Arthur John Arberry

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Arthur John Arberry (Portsmouth, May 12, 1905 – Cambridge, October 2, 1969) FBA was a respected British orientalist. A prolific scholar of Arabic, Persian, and Islamic studies, he was educated at Portsmouth Grammar School and Pembroke College, Cambridge. His translation of the Qur'an into English, The Koran Interpreted, is one of the most prominent written by a non-Muslim scholar, and widely respected amongst academics.[1][2]

Formerly Head of the Department of Classics at Cairo University in Egypt, Arberry returned home to become the Assistant Librarian at the Library of the India Office. During the war he was a Postal Censor in Liverpool[citation needed] and was then seconded to the Ministry of Information, London which was housed in the newly constructed Senate House of the University of London. Arberry was appointed to the Chair of Persian at the School of Oriental and African Studies SOAS, University of London 1944–47. He subsequently became the Sir Thomas Adams's Professor of Arabic at Cambridge University and a Fellow of Pembroke College, Cambridge, his alma mater, from 1947 until his death in 1969. He is buried in Ascension Parish, Cambridge, together with his (by provenance Romanian) wife Sarina Simons/Arberry (1900-1973) whom he had first met in Cairo and then married at Cambridge in 1932.[3][4]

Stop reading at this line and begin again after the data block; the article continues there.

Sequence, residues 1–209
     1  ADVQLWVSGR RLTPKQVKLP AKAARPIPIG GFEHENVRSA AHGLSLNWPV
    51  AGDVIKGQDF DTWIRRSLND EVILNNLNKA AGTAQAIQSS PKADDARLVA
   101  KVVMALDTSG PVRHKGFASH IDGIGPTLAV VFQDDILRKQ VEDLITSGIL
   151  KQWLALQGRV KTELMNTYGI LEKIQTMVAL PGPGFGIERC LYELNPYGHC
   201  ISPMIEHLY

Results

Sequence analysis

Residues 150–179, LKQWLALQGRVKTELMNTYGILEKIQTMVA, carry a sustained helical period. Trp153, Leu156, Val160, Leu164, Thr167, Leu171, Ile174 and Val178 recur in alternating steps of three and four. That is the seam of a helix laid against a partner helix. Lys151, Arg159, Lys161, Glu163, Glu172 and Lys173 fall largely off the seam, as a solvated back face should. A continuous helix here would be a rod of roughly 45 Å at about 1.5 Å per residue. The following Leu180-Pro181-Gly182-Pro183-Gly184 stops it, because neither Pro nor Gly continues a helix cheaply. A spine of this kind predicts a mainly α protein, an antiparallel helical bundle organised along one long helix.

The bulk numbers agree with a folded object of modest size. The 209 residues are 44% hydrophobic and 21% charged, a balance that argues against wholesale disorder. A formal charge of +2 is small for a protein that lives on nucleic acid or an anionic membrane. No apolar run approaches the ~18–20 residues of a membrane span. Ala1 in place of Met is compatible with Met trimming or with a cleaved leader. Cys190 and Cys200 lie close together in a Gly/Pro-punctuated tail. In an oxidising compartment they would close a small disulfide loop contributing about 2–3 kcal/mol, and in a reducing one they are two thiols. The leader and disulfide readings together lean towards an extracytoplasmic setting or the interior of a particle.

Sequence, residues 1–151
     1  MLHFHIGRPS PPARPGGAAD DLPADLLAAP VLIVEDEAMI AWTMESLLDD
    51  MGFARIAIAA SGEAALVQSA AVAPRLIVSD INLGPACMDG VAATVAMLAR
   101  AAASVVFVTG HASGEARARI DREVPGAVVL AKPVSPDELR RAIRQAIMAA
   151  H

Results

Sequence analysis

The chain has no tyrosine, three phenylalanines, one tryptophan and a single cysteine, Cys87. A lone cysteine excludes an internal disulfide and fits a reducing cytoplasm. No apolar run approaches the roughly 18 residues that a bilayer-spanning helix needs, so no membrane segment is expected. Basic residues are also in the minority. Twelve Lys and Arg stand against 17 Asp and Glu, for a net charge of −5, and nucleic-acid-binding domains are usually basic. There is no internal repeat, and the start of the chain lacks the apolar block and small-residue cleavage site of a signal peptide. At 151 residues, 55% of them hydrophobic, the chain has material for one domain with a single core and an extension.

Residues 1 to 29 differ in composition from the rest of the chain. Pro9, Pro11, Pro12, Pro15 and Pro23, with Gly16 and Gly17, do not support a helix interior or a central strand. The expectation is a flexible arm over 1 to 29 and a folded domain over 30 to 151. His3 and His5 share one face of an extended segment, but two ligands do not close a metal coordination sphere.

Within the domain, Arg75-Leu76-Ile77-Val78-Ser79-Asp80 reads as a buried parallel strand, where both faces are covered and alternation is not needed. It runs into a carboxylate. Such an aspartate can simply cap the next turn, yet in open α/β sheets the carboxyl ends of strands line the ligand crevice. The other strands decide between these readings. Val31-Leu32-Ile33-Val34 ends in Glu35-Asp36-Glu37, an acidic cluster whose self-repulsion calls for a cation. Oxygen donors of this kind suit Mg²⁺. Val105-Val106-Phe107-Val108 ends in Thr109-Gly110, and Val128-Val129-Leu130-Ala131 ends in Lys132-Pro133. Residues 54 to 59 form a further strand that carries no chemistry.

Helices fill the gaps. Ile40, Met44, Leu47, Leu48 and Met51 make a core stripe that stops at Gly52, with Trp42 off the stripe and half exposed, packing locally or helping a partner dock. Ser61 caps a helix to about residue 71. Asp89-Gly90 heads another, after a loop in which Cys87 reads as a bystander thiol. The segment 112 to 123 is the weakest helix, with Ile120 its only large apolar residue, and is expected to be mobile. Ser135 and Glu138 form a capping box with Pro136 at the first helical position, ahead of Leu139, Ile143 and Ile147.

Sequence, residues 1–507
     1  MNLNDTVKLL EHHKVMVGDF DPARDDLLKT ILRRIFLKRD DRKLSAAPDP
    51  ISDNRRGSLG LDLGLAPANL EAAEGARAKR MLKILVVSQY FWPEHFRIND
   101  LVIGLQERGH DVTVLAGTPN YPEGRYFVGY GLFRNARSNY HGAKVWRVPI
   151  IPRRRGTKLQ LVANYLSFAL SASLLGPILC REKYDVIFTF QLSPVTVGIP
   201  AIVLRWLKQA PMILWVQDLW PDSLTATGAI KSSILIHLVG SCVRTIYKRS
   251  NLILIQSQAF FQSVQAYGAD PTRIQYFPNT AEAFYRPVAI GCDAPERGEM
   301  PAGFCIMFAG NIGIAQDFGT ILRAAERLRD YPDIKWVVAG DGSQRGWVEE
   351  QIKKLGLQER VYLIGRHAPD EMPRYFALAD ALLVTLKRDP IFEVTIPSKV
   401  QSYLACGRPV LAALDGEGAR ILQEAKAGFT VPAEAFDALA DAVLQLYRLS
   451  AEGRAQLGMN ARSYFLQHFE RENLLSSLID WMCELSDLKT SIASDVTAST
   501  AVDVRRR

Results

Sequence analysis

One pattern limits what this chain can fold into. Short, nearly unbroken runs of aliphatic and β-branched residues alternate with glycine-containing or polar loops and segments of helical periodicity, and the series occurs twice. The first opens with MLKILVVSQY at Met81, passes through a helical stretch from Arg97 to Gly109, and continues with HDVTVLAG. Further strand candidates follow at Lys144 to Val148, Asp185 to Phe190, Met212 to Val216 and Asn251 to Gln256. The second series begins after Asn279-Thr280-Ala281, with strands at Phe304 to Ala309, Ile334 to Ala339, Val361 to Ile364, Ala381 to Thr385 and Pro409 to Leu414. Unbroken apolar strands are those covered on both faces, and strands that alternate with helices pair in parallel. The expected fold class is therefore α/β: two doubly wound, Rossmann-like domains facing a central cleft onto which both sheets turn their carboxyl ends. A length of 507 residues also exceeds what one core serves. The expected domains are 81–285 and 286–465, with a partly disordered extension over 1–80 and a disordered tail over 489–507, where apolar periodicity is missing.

Arberry is also notable for introducing Rumi's works to the west through his selective translations. His interpretation of Muhammad Iqbal's writings, edited by Badiozzaman Forouzanfar, is similarly distinguished.

Works[edit]

References[edit]

  1. ^ The Koran: Interpreted - Oxford Islamic Studies Online
  2. ^ Mohammed, Khaleel (2005). "Assessing English Translations of the Qur'an". Middle East Quarterly. Retrieved 29 February 2012. 
  3. ^ "Index entry". FreeBMD. ONS. Retrieved August 11, 2014. 
  4. ^ http://isamveri.org/pdfdkm/01/DKM011853.pdf

External links[edit]